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I am currently writing the specification for an API that works as follows:

  • Client makes a HTTPS post to a particular URL with zero or more HTTP parameters
  • Server responds with a short XML document

The data being transferred is very light. Most of the responses will be smaller than 1k, and the largest would be only 10k.

Backwards compatability is important. I would like old clients to continue to work correctly against a upgraded version of the server.

This is what I want to tell the clients:-

  • I expect the client to read the XML, but only access those elements which it needs for processing.
  • Additional elements or attributes may be added into the XML document at any time when the server is upgraded. The clients should skip anything they did not know about.

This is so that old clients will continue to work even though additional information is now returned in a response. (Removing elements from the XML is obviously more difficult and some process for deprecation would be needed).

What is the best format for documenting the XML that is returned?

I have concerns about using a formal language for this documentation (e.g. XSD):

  • addition of extra attributes or elements would mean the XML was not meeting a previously published specification
  • this would tempt people writing clients to parse everything in the XML (even if they do not use it) making it harder to remove elements should that become necessary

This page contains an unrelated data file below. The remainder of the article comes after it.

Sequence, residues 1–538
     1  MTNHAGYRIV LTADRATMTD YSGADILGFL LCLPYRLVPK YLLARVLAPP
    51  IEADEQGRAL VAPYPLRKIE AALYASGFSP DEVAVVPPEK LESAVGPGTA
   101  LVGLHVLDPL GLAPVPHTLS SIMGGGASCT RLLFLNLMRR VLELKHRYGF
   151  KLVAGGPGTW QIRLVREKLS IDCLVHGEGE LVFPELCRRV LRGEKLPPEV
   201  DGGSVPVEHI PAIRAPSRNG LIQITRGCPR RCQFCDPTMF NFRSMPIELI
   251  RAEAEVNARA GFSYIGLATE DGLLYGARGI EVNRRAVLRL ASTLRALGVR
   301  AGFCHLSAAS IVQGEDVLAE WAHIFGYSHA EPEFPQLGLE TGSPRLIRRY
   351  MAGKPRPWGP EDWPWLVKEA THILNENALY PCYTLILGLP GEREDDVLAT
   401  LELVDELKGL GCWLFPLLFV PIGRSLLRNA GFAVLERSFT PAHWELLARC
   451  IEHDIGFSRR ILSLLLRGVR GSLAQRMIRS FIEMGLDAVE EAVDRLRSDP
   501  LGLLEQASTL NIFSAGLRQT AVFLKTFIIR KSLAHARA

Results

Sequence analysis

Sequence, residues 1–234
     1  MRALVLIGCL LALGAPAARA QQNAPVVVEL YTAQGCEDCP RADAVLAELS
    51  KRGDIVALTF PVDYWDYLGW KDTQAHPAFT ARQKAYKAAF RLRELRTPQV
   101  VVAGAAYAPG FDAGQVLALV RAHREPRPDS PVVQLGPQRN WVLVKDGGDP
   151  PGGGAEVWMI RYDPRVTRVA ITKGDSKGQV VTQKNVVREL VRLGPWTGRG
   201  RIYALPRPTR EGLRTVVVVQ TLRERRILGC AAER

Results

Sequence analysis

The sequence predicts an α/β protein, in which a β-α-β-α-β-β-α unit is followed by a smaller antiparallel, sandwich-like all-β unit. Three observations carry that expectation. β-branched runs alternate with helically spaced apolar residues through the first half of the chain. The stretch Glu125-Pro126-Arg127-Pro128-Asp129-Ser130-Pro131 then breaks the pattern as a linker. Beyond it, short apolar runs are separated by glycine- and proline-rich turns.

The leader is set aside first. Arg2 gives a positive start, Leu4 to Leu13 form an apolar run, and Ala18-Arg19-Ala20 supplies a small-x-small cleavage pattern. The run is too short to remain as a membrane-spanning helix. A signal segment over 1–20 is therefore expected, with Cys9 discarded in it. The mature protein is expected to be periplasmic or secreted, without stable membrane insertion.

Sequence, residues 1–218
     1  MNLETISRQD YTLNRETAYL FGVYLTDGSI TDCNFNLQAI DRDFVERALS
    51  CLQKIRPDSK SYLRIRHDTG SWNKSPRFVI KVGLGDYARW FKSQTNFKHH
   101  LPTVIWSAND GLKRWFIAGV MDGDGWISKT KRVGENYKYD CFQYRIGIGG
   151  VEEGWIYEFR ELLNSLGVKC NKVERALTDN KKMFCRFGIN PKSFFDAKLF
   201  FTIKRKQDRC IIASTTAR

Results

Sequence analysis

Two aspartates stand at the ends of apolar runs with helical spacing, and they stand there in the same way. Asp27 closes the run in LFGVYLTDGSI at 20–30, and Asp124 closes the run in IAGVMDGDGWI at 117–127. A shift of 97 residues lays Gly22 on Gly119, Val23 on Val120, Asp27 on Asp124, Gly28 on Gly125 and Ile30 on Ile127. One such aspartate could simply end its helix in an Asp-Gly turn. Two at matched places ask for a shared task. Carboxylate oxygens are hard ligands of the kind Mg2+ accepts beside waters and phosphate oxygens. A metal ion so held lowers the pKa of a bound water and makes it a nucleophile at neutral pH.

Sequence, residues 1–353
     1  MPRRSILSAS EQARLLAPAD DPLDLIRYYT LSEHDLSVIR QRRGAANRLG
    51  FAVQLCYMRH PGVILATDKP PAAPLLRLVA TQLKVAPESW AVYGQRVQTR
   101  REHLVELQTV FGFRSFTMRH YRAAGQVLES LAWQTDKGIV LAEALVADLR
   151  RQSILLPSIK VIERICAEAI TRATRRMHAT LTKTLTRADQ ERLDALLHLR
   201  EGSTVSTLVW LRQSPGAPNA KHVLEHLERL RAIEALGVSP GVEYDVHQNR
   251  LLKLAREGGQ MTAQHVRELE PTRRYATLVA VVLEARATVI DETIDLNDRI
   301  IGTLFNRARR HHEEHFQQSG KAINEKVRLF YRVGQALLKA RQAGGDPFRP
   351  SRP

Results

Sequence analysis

Alternatively, am I going about the backwards-compatability wrong? Is this a well-solved problem already? Should the client be asking for a particular version of the response XML?

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1 Answer 1

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IMO, you should send your client's desired version along with the request and return that format. as you'll need to compute the info of previous versions anyway, there's no need to bloat up the answer when you know the client won't use it. if you have an xml independent data structure backing your response code, you can probably even reuse your xml creator for old-style responses.

Of course, this assumes that the response document is dynamically created. Otherwise, won't an XQuery or something similar do exactly what you want: filtering the document for only known elements/values?

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Behind the XML are POJOs that created based on business logic and database values. There will be some code that writes these out as XML. –  WW. Jan 5 '12 at 23:38
In that case, would you suggest using XSD and include a version number for each XSD issued? –  WW. Jan 6 '12 at 0:40
of course It's possible, but I don't think It's necessary. as long as you're the only producer and consumer of these documents, the XSD is just a duplication of your POJOs. additionally, you'd send messages with an XSD version newer than the client. he doesn't get anything out of the validation, and the old version won't validate, too. of course, writing a schema doesn't force you to use it in production. validating messages might be part of your Unit tests, both for server output and manual client input. –  Silly Freak Jan 14 '12 at 23:33

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